Statutory Interpretation: General Principles and Recent Trends. March 30, 2006 – September 24, 2014. 97-589.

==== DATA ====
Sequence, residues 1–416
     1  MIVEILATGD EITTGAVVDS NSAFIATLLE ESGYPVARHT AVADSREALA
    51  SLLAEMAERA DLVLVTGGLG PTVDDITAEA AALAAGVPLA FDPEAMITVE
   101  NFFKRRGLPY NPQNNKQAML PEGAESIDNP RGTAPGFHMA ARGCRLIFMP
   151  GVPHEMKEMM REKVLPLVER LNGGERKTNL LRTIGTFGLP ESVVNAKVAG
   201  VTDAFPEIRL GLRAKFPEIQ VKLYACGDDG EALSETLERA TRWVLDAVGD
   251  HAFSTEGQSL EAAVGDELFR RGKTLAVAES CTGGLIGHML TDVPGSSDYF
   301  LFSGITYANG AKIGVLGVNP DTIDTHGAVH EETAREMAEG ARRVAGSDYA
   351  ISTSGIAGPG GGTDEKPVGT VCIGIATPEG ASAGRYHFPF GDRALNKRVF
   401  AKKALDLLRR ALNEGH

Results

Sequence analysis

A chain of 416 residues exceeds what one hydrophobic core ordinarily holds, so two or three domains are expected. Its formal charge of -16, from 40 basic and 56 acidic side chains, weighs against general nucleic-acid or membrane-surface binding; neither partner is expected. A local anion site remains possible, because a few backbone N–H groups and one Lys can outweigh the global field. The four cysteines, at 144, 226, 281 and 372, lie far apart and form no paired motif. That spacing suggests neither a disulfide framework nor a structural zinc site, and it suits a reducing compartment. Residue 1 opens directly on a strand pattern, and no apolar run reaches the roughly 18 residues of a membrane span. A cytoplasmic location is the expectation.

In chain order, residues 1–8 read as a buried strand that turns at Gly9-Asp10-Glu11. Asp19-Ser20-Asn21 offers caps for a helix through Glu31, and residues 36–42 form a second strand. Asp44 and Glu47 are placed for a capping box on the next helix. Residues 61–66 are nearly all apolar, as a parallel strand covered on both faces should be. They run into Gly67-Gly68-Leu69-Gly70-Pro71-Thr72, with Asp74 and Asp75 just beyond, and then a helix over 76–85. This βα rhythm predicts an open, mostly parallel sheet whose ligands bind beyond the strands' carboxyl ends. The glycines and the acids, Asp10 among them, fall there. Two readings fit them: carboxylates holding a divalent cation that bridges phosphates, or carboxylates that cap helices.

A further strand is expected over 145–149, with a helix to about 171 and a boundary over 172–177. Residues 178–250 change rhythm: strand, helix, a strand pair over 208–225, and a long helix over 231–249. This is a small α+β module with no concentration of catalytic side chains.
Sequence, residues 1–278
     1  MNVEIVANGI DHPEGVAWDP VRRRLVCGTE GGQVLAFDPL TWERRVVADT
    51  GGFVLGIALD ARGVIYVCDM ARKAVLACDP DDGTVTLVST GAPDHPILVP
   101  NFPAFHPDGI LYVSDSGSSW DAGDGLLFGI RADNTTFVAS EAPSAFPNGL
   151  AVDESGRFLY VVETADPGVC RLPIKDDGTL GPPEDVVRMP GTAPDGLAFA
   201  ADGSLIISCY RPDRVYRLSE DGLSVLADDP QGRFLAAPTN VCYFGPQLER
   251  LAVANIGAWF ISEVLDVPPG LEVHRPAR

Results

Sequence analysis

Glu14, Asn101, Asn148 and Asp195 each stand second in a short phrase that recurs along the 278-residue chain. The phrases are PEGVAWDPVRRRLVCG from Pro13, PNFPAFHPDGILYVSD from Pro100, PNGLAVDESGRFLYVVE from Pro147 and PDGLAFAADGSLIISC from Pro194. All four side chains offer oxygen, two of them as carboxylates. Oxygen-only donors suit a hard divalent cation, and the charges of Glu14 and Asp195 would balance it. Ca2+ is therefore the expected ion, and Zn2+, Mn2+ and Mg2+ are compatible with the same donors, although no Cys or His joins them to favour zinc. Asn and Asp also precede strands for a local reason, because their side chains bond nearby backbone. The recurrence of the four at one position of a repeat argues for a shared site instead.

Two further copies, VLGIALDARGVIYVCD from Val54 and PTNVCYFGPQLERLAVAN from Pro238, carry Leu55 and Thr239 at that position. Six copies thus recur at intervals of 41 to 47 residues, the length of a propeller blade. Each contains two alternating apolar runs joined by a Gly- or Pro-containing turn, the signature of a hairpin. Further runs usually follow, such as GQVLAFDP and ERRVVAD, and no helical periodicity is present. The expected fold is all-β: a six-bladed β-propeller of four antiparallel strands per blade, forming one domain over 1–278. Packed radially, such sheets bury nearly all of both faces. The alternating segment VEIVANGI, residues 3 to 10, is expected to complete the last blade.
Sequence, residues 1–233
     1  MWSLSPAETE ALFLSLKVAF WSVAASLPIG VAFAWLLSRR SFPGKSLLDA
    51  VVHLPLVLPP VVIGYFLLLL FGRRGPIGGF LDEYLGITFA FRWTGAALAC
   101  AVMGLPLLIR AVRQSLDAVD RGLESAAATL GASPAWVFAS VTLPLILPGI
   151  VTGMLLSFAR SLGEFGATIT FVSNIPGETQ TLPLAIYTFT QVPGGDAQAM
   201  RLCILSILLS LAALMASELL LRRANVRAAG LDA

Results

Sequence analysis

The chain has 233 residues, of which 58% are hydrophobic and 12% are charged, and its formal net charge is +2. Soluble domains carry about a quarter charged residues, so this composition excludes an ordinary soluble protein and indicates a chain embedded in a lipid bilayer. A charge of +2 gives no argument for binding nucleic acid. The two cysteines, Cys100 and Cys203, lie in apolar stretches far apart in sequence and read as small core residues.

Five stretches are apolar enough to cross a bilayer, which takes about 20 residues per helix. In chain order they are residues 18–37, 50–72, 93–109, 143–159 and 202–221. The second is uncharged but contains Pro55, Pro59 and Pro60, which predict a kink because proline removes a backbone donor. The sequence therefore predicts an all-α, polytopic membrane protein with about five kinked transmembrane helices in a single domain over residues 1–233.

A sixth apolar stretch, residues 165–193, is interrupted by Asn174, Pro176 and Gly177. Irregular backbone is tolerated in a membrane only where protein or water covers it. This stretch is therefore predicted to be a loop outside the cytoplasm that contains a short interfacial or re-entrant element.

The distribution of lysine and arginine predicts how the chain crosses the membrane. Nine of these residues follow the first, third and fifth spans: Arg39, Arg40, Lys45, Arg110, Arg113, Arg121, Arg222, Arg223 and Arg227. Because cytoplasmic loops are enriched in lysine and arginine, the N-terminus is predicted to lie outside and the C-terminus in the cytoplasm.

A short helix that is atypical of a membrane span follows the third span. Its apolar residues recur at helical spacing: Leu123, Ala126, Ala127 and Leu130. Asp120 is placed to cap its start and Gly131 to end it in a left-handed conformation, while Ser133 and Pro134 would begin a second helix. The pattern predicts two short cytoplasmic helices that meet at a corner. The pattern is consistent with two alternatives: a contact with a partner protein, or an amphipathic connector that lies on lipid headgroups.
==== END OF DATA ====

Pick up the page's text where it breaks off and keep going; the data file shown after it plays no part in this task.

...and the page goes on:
“The exercise of the judicial power of the United States often requires that courts construe statutes to apply them in particular cases and controversies. Judicial interpretation of the meaning of a statute is authoritative in the matter before the court. Beyond this, the methodologies and approaches taken by the courts in discerning meaning can help guide legislative drafters, legislators, implementing agencies, and private parties. The Supreme Court has expressed an interest “that Congress be able to legislate against a background of clear interpretive rules, so that it may know the effect of the language it adopts.” Though the feed-back loop of interpretive practices coming from the courts may not always speak well to actual congressional practice and desires, the judiciary has developed its own set of interpretive tools and methodologies, keeping in mind that there is no unified, systematic approach for unlocking meaning in all cases. Though schools of statutory interpretation vary on what factors should be considered, all approaches start (if not necessarily end) with the language and structure of the statute itself. In this pursuit, the Court follows the principle that a statute be read as a harmonious whole whenever reasonable, with separate parts being interpreted within their broader statutory context. Still, the meaning of statutory language is not always evident. To help clarify uncertainty, judges have developed various interpretive tools in the form of canons of construction. Canons broadly fall into two types. “Language,” or “linguistic,” canons are interpretive “rules of thumb” for drawing inferences based on customary usage, grammar, and the like. For example, in considering the meaning of particular words and phrases, language canons call for determining the sense in which terms are being used, that is, whether words or phrases are meant as terms of art with specialized meanings or are meant in the ordinary, “dictionary” sense. Other language canons direct that all words of a statute be given effect if possible, that a term used more than once in a statute ordinarily be given the same meaning throughout, and that specific statutory language ordinarily trumps conflicting general language. “Ordinarily” is a necessary caveat, since any of these “canons” may give way if context points toward a contrary meaning. Not infrequently the Court stacks the deck, and subordinates the general, linguistic canons of statutory construction, as well as other interpretive principles, to overarching presumptions that favor particular substantive results. When one of these “substantive” canons applies, the Court frequently requires a “clear statement” of congressional intent to negate it. A commonly invoked “substantive” canon is that Congress does not intend to change judge-made law. Other substantive canons disfavor preemption of state law and abrogation of state immunity from suit in federal court. As another example, Congress must strongly signal an intent to the courts if it wishes to apply a statute retroactively or override existing law. The Court also tries to avoid an interpretation that would raise serious doubts about a statute’s constitutionality. Interpretive methods that emphasize the primacy of text and staying within the boundaries of statutes themselves to discern meaning are “textualist.” Other approaches, including “intentionalism,” are more open to taking extrinsic considerations into account. Most particularly, some Justices may be willing to look to legislative history to clarify ambiguous text. This report briefly reviews what constitutes “legislative history,” including, possibly, presidential signing statements, and the factors that might lead the Court to consider it.”